8 Mistakes Parents Make When Their Teen Starts To Pull Away
“What do I do when my pre-teen or teenager starts to pull away?”
Man…this is a tough one.
Remember when your child was a toddler, and you taught them to poop on the potty? It was all leading up to this moment. Everything we have taught them along the way was an effort to allow them to become more independent.
But, now that they are, why does it hurt so much?
This time can be painful and confusing, but it can be handled with grace on both sides.
Unfortunately, it’s not always easy.
Here are 8 mistakes that parents make when their child starts to pull away:
1. Holding on too tight. Not allowing your child to spread their wings can create resentment and frustration. Yes, they are your baby, but they don’t want to be treated like one. It’s OK to let them try new things and make mistakes. Be there to help them learn from them.
2. Not holding on tight enough. Even though they seem more independent and don’t seem to want you around, they are still immature and still need someone to protect them from the big mistakes. Monitoring their technology use and being aware of their friends are essential examples.
3. Taking this transition time personally. They might act as they hate you…they might even say that they hate you…but they probably don’t actually hate you. While you might get your feelings hurt from time to time, it’s important to remember that this transition is healthy and not a reflection on your parenting skills.
4. Making judgments too quickly. If your teen starts to tell you something about their life or feelings, they can see right through your judgy looks. Practice in the mirror…whatever it takes. Just listen without (apparent) judgment.
5. Giving up too quickly on family time and family plans. You’re going to get shot down over and over. It’s OK to make family dinners a requirement as often as you think it fits your family best. Also, make a point to involve your teen in planning family time. If they choose the activity, they are more likely to be a willing participant. You can also leverage that to say, “Remember when we all played Fortnite together? Now it’s your sister’s turn to plan.”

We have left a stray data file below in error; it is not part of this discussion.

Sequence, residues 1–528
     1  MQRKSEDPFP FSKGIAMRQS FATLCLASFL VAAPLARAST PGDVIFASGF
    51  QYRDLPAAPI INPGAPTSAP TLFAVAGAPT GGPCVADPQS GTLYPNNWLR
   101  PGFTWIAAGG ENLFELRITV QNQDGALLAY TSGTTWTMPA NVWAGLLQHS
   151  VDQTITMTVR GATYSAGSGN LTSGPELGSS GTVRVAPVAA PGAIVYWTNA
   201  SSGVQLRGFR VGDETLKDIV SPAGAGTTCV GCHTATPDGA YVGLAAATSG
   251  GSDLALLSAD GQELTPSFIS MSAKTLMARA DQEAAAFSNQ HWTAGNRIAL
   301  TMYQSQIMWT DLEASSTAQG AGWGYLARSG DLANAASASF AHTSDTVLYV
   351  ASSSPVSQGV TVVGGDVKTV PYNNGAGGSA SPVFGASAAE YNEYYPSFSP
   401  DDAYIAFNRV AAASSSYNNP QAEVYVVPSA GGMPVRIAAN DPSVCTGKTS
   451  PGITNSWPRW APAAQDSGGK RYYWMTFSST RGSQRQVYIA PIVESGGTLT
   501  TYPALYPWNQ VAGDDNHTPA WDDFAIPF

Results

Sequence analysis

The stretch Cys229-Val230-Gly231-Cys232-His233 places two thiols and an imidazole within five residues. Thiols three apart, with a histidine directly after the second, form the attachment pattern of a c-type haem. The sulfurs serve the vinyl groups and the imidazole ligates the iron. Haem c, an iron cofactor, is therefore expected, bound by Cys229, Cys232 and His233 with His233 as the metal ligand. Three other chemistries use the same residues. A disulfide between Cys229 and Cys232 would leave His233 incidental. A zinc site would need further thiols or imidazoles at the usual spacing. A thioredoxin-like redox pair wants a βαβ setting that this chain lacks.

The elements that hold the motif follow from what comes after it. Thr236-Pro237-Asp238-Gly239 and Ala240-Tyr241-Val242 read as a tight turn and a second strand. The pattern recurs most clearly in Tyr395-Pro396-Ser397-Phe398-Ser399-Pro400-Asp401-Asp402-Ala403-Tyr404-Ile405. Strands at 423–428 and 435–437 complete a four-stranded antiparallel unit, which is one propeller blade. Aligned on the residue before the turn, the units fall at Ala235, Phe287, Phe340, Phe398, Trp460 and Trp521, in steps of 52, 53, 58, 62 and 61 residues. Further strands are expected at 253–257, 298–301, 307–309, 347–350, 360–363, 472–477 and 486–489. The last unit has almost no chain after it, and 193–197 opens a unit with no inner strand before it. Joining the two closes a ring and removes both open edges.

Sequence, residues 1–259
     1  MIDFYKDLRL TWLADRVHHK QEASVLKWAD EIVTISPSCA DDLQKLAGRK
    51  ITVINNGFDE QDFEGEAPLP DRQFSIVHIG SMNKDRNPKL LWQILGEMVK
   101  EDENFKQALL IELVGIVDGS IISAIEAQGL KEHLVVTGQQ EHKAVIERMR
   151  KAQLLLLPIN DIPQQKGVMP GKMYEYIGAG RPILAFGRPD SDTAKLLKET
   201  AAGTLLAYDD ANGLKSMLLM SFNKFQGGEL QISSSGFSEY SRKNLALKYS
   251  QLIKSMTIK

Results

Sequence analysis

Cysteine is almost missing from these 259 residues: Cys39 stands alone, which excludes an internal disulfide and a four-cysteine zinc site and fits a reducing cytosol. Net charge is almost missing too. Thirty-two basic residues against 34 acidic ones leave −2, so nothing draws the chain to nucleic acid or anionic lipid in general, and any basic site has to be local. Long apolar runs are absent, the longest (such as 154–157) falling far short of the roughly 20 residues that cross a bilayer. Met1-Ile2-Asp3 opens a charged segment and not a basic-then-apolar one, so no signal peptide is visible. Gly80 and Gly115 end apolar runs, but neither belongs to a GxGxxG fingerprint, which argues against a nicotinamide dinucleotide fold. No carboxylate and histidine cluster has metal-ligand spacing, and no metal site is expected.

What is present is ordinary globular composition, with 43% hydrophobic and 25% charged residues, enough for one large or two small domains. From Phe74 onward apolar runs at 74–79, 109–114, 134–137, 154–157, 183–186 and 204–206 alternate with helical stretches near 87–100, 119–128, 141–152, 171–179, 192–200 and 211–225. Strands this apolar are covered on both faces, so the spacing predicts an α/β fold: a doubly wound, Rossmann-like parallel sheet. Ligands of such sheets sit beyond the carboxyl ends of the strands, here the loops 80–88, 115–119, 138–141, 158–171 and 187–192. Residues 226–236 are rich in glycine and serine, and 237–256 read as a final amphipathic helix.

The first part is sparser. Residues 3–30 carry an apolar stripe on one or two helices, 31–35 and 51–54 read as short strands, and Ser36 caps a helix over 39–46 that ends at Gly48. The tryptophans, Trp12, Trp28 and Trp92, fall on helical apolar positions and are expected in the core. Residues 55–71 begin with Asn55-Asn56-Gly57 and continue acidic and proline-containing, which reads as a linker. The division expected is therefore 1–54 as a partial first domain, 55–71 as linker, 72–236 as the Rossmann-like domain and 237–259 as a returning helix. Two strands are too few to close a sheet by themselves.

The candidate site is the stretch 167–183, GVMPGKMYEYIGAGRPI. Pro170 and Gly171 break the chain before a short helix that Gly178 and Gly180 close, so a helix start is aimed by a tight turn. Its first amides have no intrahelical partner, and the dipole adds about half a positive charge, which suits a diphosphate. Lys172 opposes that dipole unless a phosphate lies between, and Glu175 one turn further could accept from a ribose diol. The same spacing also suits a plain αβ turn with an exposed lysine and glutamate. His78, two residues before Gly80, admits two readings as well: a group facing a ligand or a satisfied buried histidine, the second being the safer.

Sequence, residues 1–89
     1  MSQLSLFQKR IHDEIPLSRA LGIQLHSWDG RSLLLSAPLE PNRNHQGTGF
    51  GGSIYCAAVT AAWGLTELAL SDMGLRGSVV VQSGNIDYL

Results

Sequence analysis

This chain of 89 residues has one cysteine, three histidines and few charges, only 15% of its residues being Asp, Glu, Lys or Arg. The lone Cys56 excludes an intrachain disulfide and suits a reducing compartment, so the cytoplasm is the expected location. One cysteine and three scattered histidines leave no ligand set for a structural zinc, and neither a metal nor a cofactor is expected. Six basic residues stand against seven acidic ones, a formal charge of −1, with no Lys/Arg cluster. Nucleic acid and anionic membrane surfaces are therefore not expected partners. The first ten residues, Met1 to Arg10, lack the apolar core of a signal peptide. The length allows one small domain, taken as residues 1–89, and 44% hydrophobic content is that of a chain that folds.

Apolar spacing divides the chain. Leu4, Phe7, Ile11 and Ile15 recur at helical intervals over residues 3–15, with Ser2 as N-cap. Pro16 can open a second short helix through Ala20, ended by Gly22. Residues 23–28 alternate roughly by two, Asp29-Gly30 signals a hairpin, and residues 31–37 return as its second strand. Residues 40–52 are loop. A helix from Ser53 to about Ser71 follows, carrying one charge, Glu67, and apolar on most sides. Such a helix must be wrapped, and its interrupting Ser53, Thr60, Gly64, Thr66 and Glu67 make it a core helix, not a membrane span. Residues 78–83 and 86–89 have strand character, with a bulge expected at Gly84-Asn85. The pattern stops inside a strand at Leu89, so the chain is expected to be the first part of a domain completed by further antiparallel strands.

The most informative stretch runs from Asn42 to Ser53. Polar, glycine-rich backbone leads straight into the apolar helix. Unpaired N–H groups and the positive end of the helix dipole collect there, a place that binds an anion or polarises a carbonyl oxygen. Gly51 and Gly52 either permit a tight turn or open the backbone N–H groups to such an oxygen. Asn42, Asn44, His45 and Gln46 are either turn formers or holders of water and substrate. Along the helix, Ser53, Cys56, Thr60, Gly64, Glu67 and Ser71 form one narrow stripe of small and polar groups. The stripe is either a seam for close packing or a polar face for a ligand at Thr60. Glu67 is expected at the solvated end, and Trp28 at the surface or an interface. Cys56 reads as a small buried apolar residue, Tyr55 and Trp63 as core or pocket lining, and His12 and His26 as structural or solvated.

6. Trying to have serious and deep conversations all at once and face-to-face. These are awkward and unlikely to meet their desired goals. Talk about the issues in small chunks. Use the car ride or some physical activity time (playing catch).
7. Dominating conversations. Say anything that smells of “I-told-you-so” or involves a long drawn out lecture, and you’re actually doing more to push your child away.
8. Not recognizing warning signs that it’s more than just standard teenager stuff. Unfortunately, teens and pre-teens do get depressed, and significantly withdrawing can be a sign. Look for the following:
- Significant abrupt changes in interaction.
- Severe withdrawal (not coming out from arriving at home until school the next day).
- Moving away from activities that they used to enjoy.
- Loss or gain of appetite/sleep.
Growing up can be difficult. Don't forget that. We've all been there before. But normally, things will get better and they will come back to you soon enough.
Get to know Justin Smith, M.D.
Justin Smith, M.D., is a pediatrician in Trophy Club and the Medical Advisor for Digital Health for Cook Children's in Fort Worth, Texas. Dr. Smith is an experienced keynote speaker for a variety of topics including pediatric/parenting topics, healthcare social media and physician leadership. If you are interested in having Dr. Smith present to your conference or meeting, please contact him at firstname.lastname@example.org.
He has an active community on both Facebook and Twitter as @TheDocSmitty and writes weekly for Cook Children's checkupnewsroom.com. He believes that strategic use of social media and technology by pediatricians to connect with families can deepen their relationship and provide a new level of convenience for both of their busy lifestyles. Dr. Smith’s innovative pediatric clinic, a pediatric clinic “designed by you,” open now. Click here to make an appointment, call 817-347-8100.